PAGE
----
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Photo by Josh Whelton
What a spectacular state park! Wilderness State Park’s 2,582 acres of natural area and 4,492 acres of wilderness area make this a great place to explore all year ’round.
Waugoshance Point is a part of Wilderness State Park along with Temperance Island and Waugoshance Island off the tip of the point. The area around this point is the habitat for the endangered piping plover. Approximately one-third of the nation’s nesting areas for the piping plover are in Wilderness State Park.
Much of the park cannot be accessed by roads- yes, this is indeed a wilderness state park. More than 22 miles of mapped trails are in the park along with 5.5 miles of the North Country Trail.
The park’s 26 miles of beaches are great for walking, swimming, and stone skipping. The beaches are mostly rocky but the beach area near the campground is sandy with a sandy bottom.
Camping at Wilderness State Park’s draws campers from around the country because of the gorgeous setting. The two campgrounds total 250 spots. There are six rustic cabins and three bunkhouses located around the park that can be rented throughout the year. During the winter months, visitors can cross country ski or snowshoe into the cabins and bunkhouses.
Wilderness State Park has a boat launch area, picnic areas with grills, fishing, and hiking, biking, and cross country ski trails. The campground is open April-December and the park is open year ’round. Bring your kayak- the Lake Michigan shoreline area is a popular one for kayakers.
During the warm weather months, a variety of education programs take place for children and adults. So put on the hiking shoes, pack the sun tan lotion and head to Wilderness State Park!
903 Wilderness Park Drive, Carp Lake MI, 49718
West Michigan is home to numerous artists with so many different talents. Groovy music, vivid paintings, gorgeous photography, and more!
The Mackinac Bridge is the 10th largest suspension bridge (over water) in the world and connects Michigan’s Upper and Lower Peninsula.
The Oden State Fish Hatchery in Alanson produces three strains of brown trout and one strain of rainbow trout.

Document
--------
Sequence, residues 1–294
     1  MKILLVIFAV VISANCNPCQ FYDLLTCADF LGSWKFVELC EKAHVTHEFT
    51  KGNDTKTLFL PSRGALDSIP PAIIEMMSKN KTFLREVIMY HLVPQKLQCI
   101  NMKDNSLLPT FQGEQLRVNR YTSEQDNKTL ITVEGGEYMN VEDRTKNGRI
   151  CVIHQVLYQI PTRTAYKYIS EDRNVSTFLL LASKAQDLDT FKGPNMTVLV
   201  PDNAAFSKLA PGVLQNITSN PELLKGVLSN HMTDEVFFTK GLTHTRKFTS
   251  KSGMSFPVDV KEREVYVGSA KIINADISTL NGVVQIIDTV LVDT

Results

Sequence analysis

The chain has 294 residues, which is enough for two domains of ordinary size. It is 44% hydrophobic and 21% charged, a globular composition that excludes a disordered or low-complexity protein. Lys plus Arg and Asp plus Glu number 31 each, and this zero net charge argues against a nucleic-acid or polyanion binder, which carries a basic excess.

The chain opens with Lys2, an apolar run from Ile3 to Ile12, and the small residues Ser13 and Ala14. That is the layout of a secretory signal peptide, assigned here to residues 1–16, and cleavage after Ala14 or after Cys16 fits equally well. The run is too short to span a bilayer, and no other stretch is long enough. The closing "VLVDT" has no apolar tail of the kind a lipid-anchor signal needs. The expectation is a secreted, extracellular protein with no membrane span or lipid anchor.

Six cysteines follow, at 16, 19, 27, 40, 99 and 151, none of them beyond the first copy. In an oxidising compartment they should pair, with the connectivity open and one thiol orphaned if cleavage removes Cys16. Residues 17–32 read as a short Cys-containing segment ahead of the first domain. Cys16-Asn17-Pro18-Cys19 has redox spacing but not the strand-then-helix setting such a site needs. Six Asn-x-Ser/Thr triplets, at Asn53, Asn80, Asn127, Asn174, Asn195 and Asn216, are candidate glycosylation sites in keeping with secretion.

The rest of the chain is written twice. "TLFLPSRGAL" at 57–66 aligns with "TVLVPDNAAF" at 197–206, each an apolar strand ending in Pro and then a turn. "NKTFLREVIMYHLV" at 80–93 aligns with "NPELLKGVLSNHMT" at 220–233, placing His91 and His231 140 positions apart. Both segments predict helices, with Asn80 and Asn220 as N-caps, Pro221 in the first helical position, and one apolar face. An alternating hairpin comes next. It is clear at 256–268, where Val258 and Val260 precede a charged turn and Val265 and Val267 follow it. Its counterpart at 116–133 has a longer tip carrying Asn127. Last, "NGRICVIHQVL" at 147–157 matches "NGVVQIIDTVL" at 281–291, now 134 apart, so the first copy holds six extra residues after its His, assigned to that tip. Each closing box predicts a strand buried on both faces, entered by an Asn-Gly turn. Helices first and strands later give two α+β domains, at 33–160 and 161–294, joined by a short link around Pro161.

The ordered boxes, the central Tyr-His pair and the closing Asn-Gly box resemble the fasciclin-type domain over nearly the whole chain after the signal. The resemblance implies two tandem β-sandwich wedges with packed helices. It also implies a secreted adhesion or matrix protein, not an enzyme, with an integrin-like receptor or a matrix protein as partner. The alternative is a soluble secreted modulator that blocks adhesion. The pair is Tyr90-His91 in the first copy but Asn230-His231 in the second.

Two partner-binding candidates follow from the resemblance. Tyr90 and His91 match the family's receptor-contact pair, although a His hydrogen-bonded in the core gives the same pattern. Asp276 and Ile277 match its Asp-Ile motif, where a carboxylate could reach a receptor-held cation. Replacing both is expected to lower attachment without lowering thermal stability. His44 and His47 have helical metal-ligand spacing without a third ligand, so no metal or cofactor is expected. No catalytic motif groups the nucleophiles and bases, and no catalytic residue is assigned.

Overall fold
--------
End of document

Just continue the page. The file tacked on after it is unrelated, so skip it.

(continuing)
Just a short drive from Harbor Springs or Petoskey are more than a dozen Northern Michigan cross country ski trails in Emmet County.
The elegantly restored Cheboygan Opera House is an acoustically superb, Victorian theatre that presents entertainment of many genres.
The Harsha House and the Charlevoix Depot Museum, run by the Charlevoix Historical Society, preserve much of Charlevoix’s rich history.
With miles of scenic trails terrain and local snowmobile clubs, Northern Michigan is the place to bring the snow sleds in the winter.
The Andrew J. Blackbird Museum is named for a counselor who helped Native American veterans. Native American artifacts fill the museum space.
Acres and acres of Northern Michigan are abloom with trillium during May, only adding to the beauty of spring Up North!
Fort Mackinac is open from May-October and includes buildings restored their original look after the fort’s occupation by the British
Mackinaw City’s Heritage Village lets visitors explore life in the Straits of Mackinac as it was during the era of 1880-1917.
The Harbor Springs History Museum offers a unique look at the history of the community, starting with the first Catholic missionaries.
Spring brings lots of outdoor activities to Northern Michigan but one often ends up on pancakes: making maple syrup.
A visit to Northern Michigan is not complete without a walk along the Lake Michigan in search of Petoskey stones.
Beaver Island is located 32 miles offshore of Charlevoix, Michigan and is the largest island in Lake Michigan.